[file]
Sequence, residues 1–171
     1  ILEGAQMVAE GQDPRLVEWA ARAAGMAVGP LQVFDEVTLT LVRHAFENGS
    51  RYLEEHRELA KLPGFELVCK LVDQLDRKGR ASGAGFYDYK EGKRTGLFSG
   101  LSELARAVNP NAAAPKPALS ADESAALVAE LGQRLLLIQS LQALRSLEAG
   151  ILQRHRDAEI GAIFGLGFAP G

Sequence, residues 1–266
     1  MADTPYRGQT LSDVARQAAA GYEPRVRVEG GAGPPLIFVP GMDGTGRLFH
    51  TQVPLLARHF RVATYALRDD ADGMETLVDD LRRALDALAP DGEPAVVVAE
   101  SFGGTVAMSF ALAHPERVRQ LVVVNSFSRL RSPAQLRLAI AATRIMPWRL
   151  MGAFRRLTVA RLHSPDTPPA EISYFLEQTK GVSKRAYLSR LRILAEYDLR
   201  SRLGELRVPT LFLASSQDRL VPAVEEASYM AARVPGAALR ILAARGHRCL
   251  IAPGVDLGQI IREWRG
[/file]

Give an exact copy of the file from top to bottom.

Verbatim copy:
Sequence, residues 1–171
     1  ILEGAQMVAE GQDPRLVEWA ARAAGMAVGP LQVFDEVTLT LVRHAFENGS
    51  RYLEEHRELA KLPGFELVCK LVDQLDRKGR ASGAGFYDYK EGKRTGLFSG
   101  LSELARAVNP NAAAPKPALS ADESAALVAE LGQRLLLIQS LQALRSLEAG
   151  ILQRHRDAEI GAIFGLGFAP G

Sequence, residues 1–266
     1  MADTPYRGQT LSDVARQAAA GYEPRVRVEG GAGPPLIFVP GMDGTGRLFH
    51  TQVPLLARHF RVATYALRDD ADGMETLVDD LRRALDALAP DGEPAVVVAE
   101  SFGGTVAMSF ALAHPERVRQ LVVVNSFSRL RSPAQLRLAI AATRIMPWRL
   151  MGAFRRLTVA RLHSPDTPPA EISYFLEQTK GVSKRAYLSR LRILAEYDLR
   201  SRLGELRVPT LFLASSQDRL VPAVEEASYM AARVPGAALR ILAARGHRCL
   251  IAPGVDLGQI IREWRG